Those technologies include smarter engines that shut off cylinders that are not being used, improvements to air conditioning systems and the use of biofuels. Designers point out that the Vanguard would run on gasoline or a combination of gas and ethanol. It is not a hybrid, which uses a combination of gasoline and electric power.Automakers dismissed the Vanguard idea, saying that many of the technologies it would use are already on the road today and combining them would not cut emissions 40 percent. Automakers are also fighting the states' global warming regulations in the courts, arguing that fuel-economy standards are only the authority of the federal government.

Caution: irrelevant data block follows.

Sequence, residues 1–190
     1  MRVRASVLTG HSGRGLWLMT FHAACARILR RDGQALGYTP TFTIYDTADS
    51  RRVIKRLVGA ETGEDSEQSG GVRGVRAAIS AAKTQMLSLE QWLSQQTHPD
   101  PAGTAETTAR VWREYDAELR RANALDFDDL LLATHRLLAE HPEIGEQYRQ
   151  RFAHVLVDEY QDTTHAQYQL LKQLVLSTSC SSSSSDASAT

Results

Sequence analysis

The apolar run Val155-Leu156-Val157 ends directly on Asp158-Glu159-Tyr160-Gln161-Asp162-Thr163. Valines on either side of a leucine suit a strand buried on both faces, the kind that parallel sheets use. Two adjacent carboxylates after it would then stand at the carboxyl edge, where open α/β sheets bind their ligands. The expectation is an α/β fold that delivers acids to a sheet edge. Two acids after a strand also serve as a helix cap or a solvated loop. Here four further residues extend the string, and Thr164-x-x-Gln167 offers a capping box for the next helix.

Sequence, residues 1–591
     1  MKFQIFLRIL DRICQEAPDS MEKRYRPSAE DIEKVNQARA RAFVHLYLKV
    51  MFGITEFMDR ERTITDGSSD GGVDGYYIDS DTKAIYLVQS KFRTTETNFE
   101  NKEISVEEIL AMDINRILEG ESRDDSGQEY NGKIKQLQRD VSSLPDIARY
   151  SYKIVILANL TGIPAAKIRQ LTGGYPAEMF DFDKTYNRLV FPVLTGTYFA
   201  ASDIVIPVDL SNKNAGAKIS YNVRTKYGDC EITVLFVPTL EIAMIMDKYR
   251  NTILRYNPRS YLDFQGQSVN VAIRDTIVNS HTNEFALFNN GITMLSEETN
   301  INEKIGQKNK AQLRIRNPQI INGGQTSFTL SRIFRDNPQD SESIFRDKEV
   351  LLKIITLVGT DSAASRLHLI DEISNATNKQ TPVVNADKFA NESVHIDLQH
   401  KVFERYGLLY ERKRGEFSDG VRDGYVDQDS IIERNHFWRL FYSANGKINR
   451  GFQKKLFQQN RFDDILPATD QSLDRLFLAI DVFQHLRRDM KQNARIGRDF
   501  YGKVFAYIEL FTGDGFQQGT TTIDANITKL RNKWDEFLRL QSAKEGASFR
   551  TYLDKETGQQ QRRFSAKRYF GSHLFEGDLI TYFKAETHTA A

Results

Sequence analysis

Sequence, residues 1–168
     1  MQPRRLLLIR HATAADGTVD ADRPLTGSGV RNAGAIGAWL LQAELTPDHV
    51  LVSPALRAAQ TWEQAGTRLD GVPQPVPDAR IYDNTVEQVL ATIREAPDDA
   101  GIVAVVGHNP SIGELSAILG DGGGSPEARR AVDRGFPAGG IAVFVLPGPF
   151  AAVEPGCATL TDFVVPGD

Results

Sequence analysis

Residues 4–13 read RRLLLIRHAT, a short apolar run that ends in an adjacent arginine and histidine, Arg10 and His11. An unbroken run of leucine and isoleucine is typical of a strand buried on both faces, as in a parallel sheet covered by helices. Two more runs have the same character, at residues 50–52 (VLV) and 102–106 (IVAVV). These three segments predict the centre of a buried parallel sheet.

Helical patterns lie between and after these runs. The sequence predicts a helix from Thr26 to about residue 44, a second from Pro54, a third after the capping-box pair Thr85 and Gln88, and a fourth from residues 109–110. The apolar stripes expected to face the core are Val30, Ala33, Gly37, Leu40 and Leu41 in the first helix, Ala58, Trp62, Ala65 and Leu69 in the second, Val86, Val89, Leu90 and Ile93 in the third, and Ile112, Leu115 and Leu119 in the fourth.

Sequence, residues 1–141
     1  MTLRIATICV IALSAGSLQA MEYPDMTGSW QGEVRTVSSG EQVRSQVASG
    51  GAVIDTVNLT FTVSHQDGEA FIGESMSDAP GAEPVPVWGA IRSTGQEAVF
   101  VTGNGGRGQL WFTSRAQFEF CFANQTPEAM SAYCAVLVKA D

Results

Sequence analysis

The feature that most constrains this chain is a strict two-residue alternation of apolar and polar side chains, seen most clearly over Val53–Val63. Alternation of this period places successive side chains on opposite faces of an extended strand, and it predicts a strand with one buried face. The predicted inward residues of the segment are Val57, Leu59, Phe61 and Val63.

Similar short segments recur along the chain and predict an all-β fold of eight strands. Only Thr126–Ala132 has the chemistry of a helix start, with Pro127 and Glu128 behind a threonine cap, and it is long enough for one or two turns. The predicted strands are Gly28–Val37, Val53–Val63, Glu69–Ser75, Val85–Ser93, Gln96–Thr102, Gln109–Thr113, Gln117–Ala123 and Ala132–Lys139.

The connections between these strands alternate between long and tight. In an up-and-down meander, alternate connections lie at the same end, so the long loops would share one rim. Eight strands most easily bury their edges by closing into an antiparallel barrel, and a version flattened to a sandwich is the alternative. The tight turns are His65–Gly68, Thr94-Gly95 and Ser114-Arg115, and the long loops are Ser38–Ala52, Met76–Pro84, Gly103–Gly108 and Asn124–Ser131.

David Friedman, Clean Vehicles Research Director at UCS, responds:
“The automakers are sticking to their traditional ‘can’t do’ philosophy. Years ago they cried the sky was falling when they were required to install seat belts and airbags. Now, instead of building cleaner vehicles like the Vanguard, they’re fighting global warming pollution laws in the courts. To get the job done, they should bench their lawyers and call in the engineers.”
Transportation accounts for about 30 percent of the United States' global warming emissions, according to the Environmental Protection Agency. UCS says Vanguard's technology package would add about $299 to the vehicle's sticker price.
Photo credit: UCS